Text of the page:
I’m on Medicare, but I still got stuck with a $25,000 hospital bill
By ANDREW TAYLORDEC. 20, 20193 AM
- Total Posts: 7,499
On June 30, 1966, President Lyndon Johnson inaugurated the Medicare program with the promise that “nearly every older American will receive hospital care — not as an act of charity, but as the insured right of a senior citizen.”
Medicare Part A was designed to provide that “insured right” to hospital care and is available without cost to every 65-year-old person who qualifies for Social Security. Unfortunately, Medicare Part A has a major gap in its coverage. As a senior citizen with Medicare Part A, I fell through that gap. I was diagnosed with prostate cancer, entered the hospital for a radical prostatectomy and spent the following two nights on a general surgical ward. Several weeks later, I was blindsided with a $25,334 bill for my hospitalization. The surgeon’s bill was an additional $4,695 that was not covered by Part A.
Certain the bill was a mistake, I contacted the hospital billing department to remind them that I had Medicare Part A, and that Medicare Part A pays the cost of hospitalization. “That is correct,” the hospital representative replied. But I hadn’t been “admitted,” I was told; I had been hospitalized as an “outpatient” under “observation status.”
Since I hadn’t been formally admitted, those expenses weren’t covered by Medicare Part A, which doesn’t cover observation status. I was stunned and incredulous. General anesthesia, major surgery, two nights on a surgical ward and not admitted? My wife and I are both physicians, but neither of us had any clue that this could be the case.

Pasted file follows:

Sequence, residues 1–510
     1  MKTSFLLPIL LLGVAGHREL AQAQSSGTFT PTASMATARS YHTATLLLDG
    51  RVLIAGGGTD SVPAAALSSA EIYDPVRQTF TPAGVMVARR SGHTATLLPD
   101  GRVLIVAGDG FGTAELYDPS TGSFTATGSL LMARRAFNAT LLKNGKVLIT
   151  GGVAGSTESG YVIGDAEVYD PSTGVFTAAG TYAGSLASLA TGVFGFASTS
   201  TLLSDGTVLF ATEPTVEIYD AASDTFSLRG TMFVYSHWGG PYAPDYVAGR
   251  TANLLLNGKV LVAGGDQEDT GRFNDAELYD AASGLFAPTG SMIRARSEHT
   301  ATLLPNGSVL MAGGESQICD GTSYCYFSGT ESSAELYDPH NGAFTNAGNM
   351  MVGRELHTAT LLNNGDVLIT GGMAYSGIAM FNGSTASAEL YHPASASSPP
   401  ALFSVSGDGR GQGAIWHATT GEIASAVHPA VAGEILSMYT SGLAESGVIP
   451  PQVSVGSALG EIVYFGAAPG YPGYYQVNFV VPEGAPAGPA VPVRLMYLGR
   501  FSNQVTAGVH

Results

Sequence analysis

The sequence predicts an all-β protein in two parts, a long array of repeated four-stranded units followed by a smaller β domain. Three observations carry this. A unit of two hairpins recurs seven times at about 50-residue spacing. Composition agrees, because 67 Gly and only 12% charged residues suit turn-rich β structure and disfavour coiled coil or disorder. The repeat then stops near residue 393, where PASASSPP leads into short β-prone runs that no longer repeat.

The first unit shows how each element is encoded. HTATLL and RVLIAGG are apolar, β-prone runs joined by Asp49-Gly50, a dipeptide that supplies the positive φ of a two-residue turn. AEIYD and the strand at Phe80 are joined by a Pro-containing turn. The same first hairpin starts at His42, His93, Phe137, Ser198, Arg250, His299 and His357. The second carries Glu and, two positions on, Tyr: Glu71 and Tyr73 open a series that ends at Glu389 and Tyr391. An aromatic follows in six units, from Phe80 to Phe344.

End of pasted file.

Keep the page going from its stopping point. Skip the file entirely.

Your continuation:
The hospital as a scammer
December 20, 2019 at 3:30 PM #240955incognitoParticipant
- Total Posts: 3,830
Supplemental insurance, Medigap, would have paid that, right? He didn’t have supplemental insurance? He and his wife are physicians and don’t know how the fucked up system works? Something is off here. A two physician household and they didn’t buy supplemental insurance? I find that hard to believe.
December 20, 2019 at 3:31 PM #240956NV WinoModerator
- Total Posts: 5,160
Yep. That “under observation” term is a killer.
December 20, 2019 at 3:40 PM #240962StockholmerParticipant
- Total Posts: 502
What can be done? If you are scheduled to be hospitalized for elective surgery, get a written statement from your surgeon and from the hospital that you will be admitted and not placed under observation status. If you are already hospitalized, and receive notice of observation status, pressure your surgeon to change your status to admitted, although the hospital is not required to agree to it. These strategies might help vigilant patients, but not countless others who will still be left with unaffordable bills.
December 20, 2019 at 3:42 PM #240963salemcourtParticipant
- Total Posts: 1,472
It does not matter. As long as we have private control of any part of health care, we can be certain of getting the worst care for the most money. This is an argument that I hope all democratic presidential candidates would trot out at every opportunity. What is normally trotted out is that if the government takes over health care, it will be terrible.
December 20, 2019 at 4:54 PM #240993glindaParticipant
- Total Posts: 800
I agree with @salemcourt. Insurance Companies need to be removed altogether from the equation. They are in Medicare and Advantage and Gap.
Animals know more than we do.
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